Cows and kin: innovations and issues in post-Soviet indigenous communities
AbstractIn the wake of communism's fall, the majority of rural Russia's inhabitants were left without the state farm agricultural infrastructure that fed and employed them. Most adapted by innovating to create new forms that combined pre-Soviet subsistence practices with contemporary modes. This paper explores one group's innovation, 'cows-and-kin'. Viliui Sakha, the highest latitude horse and cattle breeders in contemporary times, inhabit western Sakha, northeastern Siberia, Russia. Their cows-and-kin innovation is based on household-level cow keeping with interdependence of kin households. In addition to describing this post-soviet community-level innovation, this paper also explores relevant issues about the capacity for continued innovation such as: (1) what is the future of the cows-and-kin innovation, considering that many youth are out-migrating from the rural villages? (2) how is the cows-and-kin innovation affected by the forces of globalisation and modernity? and lastly (3) how can the cows-and-kin innovation face the challenges posed by rapid climate change?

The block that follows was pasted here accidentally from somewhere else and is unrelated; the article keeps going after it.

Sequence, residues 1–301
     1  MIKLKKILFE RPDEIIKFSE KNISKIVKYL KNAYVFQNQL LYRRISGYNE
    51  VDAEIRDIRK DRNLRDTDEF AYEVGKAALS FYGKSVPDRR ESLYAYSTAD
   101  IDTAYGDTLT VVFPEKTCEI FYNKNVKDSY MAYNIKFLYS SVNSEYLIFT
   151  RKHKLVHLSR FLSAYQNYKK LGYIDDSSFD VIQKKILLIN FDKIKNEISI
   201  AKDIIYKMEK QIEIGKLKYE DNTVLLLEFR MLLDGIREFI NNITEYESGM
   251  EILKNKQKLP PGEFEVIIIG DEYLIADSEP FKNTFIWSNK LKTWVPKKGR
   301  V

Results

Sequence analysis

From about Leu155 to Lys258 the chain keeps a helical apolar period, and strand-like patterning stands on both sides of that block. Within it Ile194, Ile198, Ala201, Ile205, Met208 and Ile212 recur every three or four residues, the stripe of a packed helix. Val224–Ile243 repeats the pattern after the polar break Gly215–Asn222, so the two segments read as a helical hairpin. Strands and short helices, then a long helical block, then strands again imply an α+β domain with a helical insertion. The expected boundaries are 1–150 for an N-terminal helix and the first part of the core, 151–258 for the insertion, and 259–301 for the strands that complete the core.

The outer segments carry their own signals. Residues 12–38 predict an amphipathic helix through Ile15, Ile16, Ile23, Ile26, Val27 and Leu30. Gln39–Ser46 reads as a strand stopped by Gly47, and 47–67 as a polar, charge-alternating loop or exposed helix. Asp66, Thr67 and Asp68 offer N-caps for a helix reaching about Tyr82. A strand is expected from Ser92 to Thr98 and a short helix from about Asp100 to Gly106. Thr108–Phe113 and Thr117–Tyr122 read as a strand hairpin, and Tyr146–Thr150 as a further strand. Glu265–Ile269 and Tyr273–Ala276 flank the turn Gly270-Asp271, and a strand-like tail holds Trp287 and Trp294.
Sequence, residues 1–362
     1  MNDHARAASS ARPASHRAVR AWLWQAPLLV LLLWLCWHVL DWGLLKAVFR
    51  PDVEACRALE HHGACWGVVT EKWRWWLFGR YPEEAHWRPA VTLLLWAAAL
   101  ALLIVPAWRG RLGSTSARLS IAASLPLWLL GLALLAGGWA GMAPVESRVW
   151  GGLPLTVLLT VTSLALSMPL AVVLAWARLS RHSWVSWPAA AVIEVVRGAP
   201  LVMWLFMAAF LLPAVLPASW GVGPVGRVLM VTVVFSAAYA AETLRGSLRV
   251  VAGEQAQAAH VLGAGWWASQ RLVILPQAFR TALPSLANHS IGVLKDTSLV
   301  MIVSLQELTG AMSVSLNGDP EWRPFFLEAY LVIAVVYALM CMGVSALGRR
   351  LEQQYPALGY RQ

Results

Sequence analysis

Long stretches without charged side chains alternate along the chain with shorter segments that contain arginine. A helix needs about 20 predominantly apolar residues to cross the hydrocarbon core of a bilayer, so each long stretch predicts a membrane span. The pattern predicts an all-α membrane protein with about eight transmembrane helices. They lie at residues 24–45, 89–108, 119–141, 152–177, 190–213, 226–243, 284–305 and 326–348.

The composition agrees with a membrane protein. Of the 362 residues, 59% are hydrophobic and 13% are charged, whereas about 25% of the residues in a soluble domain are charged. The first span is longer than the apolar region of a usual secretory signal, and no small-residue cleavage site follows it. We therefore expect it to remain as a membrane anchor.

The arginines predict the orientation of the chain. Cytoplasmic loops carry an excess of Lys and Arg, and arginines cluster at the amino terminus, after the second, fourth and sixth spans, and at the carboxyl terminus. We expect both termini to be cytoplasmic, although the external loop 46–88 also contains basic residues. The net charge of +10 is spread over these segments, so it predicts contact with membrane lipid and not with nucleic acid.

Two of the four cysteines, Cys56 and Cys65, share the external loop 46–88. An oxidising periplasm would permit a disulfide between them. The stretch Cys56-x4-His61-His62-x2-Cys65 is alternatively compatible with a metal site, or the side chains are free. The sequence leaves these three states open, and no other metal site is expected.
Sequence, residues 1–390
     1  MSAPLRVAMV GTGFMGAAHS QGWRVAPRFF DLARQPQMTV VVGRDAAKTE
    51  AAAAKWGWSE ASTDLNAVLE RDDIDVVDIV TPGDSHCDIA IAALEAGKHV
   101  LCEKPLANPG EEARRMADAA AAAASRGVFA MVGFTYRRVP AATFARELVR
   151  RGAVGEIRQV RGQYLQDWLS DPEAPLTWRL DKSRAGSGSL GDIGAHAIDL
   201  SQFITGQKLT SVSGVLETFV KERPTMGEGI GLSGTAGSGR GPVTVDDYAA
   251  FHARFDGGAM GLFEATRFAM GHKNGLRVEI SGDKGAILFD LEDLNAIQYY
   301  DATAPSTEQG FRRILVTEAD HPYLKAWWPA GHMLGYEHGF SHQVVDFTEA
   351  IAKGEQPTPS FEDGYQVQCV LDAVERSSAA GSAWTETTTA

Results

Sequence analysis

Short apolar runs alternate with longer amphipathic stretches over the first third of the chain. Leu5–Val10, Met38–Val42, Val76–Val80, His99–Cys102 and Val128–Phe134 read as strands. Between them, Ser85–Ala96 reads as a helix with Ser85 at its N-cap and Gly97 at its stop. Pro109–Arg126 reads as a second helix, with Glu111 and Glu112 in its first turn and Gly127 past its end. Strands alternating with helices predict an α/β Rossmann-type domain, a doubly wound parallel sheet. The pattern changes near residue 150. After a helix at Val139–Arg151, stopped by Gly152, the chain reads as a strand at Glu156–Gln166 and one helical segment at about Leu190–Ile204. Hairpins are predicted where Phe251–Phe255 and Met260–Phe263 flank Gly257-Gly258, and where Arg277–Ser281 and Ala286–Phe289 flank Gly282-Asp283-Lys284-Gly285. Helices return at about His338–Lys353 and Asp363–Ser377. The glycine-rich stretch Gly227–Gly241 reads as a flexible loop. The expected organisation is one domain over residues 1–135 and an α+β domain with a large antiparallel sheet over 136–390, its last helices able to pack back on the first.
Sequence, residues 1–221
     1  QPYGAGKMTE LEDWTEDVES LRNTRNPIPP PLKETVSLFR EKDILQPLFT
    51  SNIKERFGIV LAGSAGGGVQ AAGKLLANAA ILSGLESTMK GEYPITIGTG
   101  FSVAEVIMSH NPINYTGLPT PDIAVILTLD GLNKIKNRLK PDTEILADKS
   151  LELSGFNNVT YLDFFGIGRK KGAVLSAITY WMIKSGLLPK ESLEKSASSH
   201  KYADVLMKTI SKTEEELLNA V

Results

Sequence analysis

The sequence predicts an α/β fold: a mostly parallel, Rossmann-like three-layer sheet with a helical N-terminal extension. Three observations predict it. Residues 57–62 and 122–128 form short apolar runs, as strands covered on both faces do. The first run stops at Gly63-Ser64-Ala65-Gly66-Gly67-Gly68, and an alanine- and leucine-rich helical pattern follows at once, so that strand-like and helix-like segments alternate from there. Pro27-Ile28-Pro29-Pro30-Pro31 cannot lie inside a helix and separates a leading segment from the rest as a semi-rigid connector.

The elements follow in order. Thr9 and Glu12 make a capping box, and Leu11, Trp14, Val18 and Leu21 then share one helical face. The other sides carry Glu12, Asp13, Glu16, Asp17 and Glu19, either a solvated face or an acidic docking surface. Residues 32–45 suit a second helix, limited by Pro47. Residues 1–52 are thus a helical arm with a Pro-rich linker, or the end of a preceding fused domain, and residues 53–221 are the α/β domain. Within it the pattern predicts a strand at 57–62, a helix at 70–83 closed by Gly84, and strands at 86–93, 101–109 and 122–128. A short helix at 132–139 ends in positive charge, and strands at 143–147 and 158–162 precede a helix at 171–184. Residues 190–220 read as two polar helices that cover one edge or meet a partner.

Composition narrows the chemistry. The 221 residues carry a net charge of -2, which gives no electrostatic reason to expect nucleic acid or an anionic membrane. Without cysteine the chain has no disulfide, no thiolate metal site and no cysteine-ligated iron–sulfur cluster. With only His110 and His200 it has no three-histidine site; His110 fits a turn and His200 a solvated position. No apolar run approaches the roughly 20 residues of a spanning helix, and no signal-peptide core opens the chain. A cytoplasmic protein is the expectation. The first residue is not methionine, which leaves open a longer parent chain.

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Bibliographic InfoArticle provided by Inderscience Enterprises Ltd in its journal Int. J. of Agricultural Resources, Governance and Ecology.
Volume (Year): 6 (2007)
Issue (Month): 6 ()
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Web page: http://www.inderscience.com/browse/index.php?journalID=1
innovation; climate change; adaptation; Viliui Sakha; post-Soviet; Arctic indigenous peoples; indigenous culture; rural Russia; globalisation; modernity; agricultural infrastructure.;
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